Viral art is art for the Bored at Work Network. Roth argues that the Bored at Work Network and the audience for street art are essentially the same and that in both scenarios (discovery on the street or online) the work is being pushed to the audience rather than the audience going out and searching for the artwork, breaking viewers out of their daily routine. Online, photos of street art and GIF animations travel on the same pipelines and appear on the same social media feeds. Differentiating between them at that point seems to serve little purpose. It’s well acknowledged that street art is not an aesthetic style, but a way of distributing art or interacting with space, and viral art is no different. It’s just that viral art uses a slightly different distribution system than traditional street art and graffiti.
When I thought up the term viral art, I did a quick search online in case the term had been used before, and indeed it has been. What I found is kind of funny. There is a poorly written Wikipedia article for viral art that reads like an essay with a novel argument and a critique of past uses of the term rather than an encyclopedia article. The article, mostly written in January of 2008 by a user who went by the handle “The Defective Detective,” actually argues for a similar definition of viral art as what I have laid out here and will continue to expand on throughout this chapter. The Defective Detective cites street art as the start of viral art, and considers street art that has been photographed and shared online as an extension of that. The Defective Detective applauds viral art because “It takes the middleman out of the equation, e.g. the gallery owner, the museum curator, and for this reason it can be as original, activist and satirical as the artist wishes. And because it’s cheap, easy to produce, and distribute, it can be accomplished by anyone with a video camera, computer, and active imagination. It opens up art to the widest audience there is, anyone with an Internet connection.”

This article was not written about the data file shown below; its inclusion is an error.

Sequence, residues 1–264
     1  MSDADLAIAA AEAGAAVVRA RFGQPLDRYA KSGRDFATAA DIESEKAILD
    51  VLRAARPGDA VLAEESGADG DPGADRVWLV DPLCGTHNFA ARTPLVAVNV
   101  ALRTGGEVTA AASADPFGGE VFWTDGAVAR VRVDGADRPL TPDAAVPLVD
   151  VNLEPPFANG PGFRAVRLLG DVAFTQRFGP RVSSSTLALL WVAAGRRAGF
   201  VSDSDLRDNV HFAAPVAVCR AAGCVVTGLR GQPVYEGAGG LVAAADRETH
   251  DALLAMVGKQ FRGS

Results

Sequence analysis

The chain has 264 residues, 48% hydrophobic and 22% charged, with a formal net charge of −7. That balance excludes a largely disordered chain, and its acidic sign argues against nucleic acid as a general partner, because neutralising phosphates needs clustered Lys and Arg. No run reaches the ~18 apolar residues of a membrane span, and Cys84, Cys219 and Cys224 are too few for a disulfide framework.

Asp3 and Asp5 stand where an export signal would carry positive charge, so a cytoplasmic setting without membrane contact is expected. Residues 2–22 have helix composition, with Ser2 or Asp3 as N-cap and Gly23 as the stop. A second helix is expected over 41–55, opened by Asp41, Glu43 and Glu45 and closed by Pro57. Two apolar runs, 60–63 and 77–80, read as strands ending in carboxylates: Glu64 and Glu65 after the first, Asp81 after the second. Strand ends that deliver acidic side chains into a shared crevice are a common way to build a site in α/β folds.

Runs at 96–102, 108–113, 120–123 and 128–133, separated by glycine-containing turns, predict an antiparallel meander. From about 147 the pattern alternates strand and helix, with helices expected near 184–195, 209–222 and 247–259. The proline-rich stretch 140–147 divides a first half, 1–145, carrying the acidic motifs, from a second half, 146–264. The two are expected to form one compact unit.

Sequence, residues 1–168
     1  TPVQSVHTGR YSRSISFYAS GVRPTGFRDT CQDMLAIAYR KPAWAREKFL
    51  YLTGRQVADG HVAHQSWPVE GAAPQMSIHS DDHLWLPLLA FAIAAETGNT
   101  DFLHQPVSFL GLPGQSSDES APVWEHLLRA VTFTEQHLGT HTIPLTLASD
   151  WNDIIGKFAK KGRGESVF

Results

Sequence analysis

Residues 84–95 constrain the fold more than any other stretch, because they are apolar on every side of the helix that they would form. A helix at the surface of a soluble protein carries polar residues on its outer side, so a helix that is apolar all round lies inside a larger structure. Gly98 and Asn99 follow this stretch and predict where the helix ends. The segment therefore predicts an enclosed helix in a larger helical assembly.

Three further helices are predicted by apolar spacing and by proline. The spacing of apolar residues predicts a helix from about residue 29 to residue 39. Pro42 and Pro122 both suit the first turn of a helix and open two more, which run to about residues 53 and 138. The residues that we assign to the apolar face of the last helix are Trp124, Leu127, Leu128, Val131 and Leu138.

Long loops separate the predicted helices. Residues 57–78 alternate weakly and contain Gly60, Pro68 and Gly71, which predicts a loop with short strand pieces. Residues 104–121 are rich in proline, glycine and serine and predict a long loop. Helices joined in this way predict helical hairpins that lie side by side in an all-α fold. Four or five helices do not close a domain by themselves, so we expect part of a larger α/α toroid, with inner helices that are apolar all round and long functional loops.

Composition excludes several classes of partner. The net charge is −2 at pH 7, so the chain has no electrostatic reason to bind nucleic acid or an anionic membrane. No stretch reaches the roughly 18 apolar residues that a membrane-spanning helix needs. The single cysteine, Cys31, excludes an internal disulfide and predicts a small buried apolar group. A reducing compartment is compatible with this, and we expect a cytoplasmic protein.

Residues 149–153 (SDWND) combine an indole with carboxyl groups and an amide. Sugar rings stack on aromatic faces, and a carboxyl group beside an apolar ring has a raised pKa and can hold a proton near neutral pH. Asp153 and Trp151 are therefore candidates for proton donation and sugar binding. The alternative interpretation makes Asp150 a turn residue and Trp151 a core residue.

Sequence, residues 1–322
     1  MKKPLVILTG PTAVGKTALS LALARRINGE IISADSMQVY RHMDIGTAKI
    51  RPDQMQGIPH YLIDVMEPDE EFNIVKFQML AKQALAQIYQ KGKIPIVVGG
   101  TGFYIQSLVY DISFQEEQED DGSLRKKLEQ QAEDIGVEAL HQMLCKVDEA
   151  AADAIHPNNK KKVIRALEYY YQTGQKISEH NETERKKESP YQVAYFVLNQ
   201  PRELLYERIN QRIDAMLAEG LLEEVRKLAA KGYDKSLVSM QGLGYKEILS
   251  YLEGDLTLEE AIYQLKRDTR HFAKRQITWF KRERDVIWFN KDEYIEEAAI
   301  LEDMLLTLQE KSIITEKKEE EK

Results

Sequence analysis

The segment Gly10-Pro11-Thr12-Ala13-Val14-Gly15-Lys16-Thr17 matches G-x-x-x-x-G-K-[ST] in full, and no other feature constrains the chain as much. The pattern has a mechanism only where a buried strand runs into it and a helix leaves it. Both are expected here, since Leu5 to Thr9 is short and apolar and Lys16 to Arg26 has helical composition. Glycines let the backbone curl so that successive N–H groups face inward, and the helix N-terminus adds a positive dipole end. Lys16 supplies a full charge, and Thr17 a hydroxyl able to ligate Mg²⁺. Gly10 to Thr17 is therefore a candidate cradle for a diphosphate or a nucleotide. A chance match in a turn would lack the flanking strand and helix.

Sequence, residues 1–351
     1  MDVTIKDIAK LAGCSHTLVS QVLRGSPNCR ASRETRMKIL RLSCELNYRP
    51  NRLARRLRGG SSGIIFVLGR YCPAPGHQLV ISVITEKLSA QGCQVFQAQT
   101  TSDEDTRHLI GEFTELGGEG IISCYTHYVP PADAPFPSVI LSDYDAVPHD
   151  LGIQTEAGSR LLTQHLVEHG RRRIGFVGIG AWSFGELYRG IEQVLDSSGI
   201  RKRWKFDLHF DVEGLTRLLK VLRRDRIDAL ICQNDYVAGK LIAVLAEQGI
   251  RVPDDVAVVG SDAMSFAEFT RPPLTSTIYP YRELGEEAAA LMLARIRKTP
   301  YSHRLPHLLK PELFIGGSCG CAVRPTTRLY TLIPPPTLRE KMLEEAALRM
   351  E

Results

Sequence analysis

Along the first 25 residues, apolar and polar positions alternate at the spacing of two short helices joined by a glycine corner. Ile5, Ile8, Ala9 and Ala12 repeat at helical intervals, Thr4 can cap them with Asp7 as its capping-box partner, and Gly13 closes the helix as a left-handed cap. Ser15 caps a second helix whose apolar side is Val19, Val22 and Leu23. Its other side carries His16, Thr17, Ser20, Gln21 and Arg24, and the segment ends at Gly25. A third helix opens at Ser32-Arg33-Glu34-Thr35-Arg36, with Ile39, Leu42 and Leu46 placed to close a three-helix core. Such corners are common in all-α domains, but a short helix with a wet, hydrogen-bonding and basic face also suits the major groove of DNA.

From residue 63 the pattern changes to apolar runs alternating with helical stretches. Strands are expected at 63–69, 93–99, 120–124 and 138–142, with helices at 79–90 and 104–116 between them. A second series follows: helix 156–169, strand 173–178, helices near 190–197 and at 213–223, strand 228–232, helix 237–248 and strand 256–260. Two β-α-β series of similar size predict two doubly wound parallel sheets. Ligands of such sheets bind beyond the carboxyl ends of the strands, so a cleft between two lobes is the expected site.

There are two kinds of viral art: organic viral art and invasive viral art.
Organic viral art is viral art that is distributed by people choosing to share it, such as an artist posting a photo to their website and having their fans reshare it on various social media networks. Organic viral art can definitely still be interesting and even brilliant, but it doesn’t take full advantage of internet’s potential for unmediated distribution of art from artist to public. Discovering art because it’s been shared by someone you have opted-in to follow is not the same as stumbling across art that has been installed without permission. A person sharing content on their blog or other social media outlet selects what they want to share and what they do not, so they function as micro-gatekeepers and mediate a portion of their followers’ experiences.
Most viral art is organic viral art. Indeed, “viral videos” and the vast majority of “viral media” as we know it would fall into the organic category. It’s basically the traditional idea of how we think of viral content: It spreads along natural streams of interconnected people sharing content, which is why I call it organic.
Occasionally, invasive viral art pops up. Invasive viral art is viral art that most accurately fits the requirement of unmediated distribution. The distribution of invasive viral art doesn’t have to happen along the natural sharing streams that organic viral art travels. Invasive viral art invades space and is inserted where it “doesn’t belong,” but what differentiates it from street art and graffiti is that invasive viral art invades digital space, typically the public space of the internet.
While I will go into more depth throughout this chapter about organic viral art and how digital work like animated GIFs or viral videos can be similar to street art and graffiti, what is most exciting to me is invasive viral art; works that truly takes advantage of the internet. The artists making invasive viral art are using the internet as a street or a place to find people, rather than just a place to store or maybe share things.
- Roth, Evan. "Evan Roth." Interview by Alexander Tarrant. Juxtapoz Oct. 2010: 124-35. Print.↵